Question about ES6


I’m currently completing the Basic Javascript section of the Javascript algorithms and data structure certification and I was wondering if the ES6 component was outdated.

When I checked the wikipedia page - - I saw that ES6 came out in 2015 and a few new versions have come out since then.

Should I find a more updated version or is ES6 still relevant?

ES6 is simply javascript. It’s the current standard, though the board that oversees ECMAscript (which is simply the formal-ish name of javascript) are constantly revising and updating the various releases and drafts.

But if you are asking if that’s something you need to know “for the test”, then my answer would be “heck yes.”

ES6 introduced a lot of higher-order functions to javascript. When we do things like, that’s an ES6 feature. When we do Array.every(...) we are using ES6. You’ll learn about “fat-arrow functions”, which are being used everywhere now… thanks to ES6.

Javascript is in a constant state of evolution, sure, but the changes rolled in with ES6 are fundamental to modern, thoughtful javascript.

And the question I gotta ask… “find a new version”: are you planning to write your own browser to support the latest pre-release drafts?

The version of the javascript spec that you write to depends entirely on what browser you’re working for or with. We don’t code (most of us, anyway) to support the Mosaic browser, or the earliest versions of Netscape/IE. “modern browsers” all work to a standard spec, and right now, it’s ES6. Some support newer features, as new drafts are being developed, but the standard is what it is.

The language updates every year and is backwards-compatible, there are more features that have been added but everything is still applicable (if it wasn’t then the rest of the curriculum would be out of date)

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Thanks for the info. I guess I misunderstood the naming convention and didn’t know if the course here had all the recent updates.

Is there a way of finding out when the ES6 course on this site was last updated?

You can watch the GitHub repo, but it takes a long time to write additions to the curriculum, and i don’t think anything much has been added to it since it was written, just tweaks. It’s only a few years since it was created, so its very new; it’s not as if this stuff ever really changes drastically. The only major addition since that isn’t covered is async await (though there are a few things that were missed; for…of I think, for example)

According to the github, there was a curriculum commit there about three days ago? lol

You can always take a look at the FCC curriculum on github. Those updates may be in documentation, or bug squashing. They are not necessarily indicative of changes to the curriculum as a whole, or to a specific part.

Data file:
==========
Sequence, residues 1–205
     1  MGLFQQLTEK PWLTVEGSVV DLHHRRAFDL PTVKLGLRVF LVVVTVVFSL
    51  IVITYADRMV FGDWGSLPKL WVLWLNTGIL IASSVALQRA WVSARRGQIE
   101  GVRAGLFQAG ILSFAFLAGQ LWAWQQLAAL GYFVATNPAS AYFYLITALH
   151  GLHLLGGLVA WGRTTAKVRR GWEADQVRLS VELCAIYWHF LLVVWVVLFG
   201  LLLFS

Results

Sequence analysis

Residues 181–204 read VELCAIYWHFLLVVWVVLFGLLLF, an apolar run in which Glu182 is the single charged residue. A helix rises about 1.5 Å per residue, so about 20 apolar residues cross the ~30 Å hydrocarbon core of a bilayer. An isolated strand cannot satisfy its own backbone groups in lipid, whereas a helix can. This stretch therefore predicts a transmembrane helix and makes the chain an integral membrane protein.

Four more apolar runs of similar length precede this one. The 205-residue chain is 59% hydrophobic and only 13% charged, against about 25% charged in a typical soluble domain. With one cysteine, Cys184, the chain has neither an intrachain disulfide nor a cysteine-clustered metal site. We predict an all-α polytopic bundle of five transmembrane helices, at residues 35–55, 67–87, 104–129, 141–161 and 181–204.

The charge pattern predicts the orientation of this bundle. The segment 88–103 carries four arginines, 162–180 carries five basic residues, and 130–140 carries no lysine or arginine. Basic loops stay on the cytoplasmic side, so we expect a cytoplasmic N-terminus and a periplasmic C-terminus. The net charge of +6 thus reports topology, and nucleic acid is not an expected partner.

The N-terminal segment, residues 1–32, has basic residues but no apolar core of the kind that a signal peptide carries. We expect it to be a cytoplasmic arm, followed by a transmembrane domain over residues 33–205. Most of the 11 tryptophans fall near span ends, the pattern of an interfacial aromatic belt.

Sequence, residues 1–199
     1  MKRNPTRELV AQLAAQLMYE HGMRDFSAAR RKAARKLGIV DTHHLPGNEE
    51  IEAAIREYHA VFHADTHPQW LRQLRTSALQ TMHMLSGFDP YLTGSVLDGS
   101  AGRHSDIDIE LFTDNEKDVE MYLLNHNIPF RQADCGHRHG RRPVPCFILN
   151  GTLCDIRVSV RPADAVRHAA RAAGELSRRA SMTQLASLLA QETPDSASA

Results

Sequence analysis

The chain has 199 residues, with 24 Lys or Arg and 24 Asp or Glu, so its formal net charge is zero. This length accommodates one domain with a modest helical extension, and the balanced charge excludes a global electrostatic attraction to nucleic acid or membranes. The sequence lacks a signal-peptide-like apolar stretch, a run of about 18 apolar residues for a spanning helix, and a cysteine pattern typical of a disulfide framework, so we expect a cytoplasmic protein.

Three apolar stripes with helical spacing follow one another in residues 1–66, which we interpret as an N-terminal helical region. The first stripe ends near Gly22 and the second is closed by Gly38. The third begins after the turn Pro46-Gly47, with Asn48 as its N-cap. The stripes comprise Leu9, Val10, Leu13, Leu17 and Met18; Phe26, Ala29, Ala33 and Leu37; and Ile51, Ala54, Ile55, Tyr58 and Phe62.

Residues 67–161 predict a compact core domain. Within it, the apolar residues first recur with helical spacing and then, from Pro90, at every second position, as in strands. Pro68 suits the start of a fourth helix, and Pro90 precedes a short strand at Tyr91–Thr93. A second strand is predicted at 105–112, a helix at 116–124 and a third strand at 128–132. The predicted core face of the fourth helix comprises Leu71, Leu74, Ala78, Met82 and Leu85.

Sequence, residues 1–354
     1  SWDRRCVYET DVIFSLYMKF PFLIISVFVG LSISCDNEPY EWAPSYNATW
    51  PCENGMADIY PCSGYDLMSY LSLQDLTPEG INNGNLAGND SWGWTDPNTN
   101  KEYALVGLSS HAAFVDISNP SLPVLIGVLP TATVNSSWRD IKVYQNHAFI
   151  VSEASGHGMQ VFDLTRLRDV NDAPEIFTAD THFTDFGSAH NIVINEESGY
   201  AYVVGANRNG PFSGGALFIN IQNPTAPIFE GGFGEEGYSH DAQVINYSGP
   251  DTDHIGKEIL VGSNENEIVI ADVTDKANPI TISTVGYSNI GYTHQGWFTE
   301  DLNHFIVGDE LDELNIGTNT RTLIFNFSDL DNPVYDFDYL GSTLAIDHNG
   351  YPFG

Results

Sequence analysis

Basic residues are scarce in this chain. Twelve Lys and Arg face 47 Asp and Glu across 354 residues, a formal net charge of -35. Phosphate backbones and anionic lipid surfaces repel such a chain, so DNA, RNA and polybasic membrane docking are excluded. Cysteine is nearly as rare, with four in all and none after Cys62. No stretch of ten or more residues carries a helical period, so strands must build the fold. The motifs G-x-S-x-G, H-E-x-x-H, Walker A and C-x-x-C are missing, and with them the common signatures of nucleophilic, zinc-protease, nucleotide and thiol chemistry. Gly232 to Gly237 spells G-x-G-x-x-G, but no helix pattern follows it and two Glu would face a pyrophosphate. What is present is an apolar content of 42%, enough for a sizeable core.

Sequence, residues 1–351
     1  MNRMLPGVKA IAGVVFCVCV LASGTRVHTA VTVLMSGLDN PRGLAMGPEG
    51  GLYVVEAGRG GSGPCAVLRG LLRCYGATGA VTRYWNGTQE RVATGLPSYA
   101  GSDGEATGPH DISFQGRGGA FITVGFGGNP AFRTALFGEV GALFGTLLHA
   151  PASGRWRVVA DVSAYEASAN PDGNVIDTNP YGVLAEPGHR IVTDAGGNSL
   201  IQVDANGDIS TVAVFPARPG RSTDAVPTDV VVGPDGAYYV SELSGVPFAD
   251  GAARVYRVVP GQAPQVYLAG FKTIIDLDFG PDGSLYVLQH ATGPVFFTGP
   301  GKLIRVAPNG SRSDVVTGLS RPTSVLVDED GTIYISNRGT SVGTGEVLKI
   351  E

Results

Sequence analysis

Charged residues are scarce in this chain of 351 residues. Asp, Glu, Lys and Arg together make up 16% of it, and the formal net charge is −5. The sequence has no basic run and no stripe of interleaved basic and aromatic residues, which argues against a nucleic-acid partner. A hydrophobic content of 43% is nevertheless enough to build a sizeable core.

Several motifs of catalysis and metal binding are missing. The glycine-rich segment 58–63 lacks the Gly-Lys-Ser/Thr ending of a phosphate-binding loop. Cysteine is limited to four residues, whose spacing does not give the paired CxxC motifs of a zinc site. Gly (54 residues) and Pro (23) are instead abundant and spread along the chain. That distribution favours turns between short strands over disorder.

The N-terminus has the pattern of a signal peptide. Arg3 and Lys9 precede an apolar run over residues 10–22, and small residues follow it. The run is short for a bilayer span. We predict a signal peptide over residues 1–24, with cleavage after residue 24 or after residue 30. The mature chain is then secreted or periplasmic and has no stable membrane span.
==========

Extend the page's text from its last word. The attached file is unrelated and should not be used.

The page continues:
But if there are drastic changes to any part of the language specifications, whether javascript or HTML or CSS, the conversation here would point it out very very quick, and I suspect the lessons would update as appropriate.

Generators too. In fact those seem to be overlooked by most JS programmers in general. And Promises and async/await. Many libraries and frameworks (like the AWS SDK) are entirely async with no synchronous API.

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I thought promises were kinda covered? I may be misremembering here tho. Generators I really like but they’re not super useful and a bit difficult to explain I think, I’m not sure how well they can be introduced in brief without just seeming bizarre

lol the thing with async/await? it’s basically promises stuck in a generator.

Thanks everyone! I think I’m quite a bit away from learning the more advanced topics but it’s good to know that the content here is up to date… in case I ever get to that stage. :slight_smile:

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Give it a little time, you might just surprise yourself. Things that seem advanced today, will be dinner-table conversation in a few months. :wink:

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This is true, and it’s how it is/was shimmed, but try explaining that to a beginner in a couple of lessons. Whereas [the basics of] async/await can be explained pretty easily, there doesn’t need to be much explanation of how it can be implemented under the hood

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ES6 was a radical change like none has been since. It introduced keywords like let and const, and features like arrow functions.

Newer updates have been smaller and more focused in comparison. ES6, on the other hand, brought changes that every programmer could benefit from.

That’s why a lot of pages, books, and articles teach ES6: it has become a fundamental part of Javascript.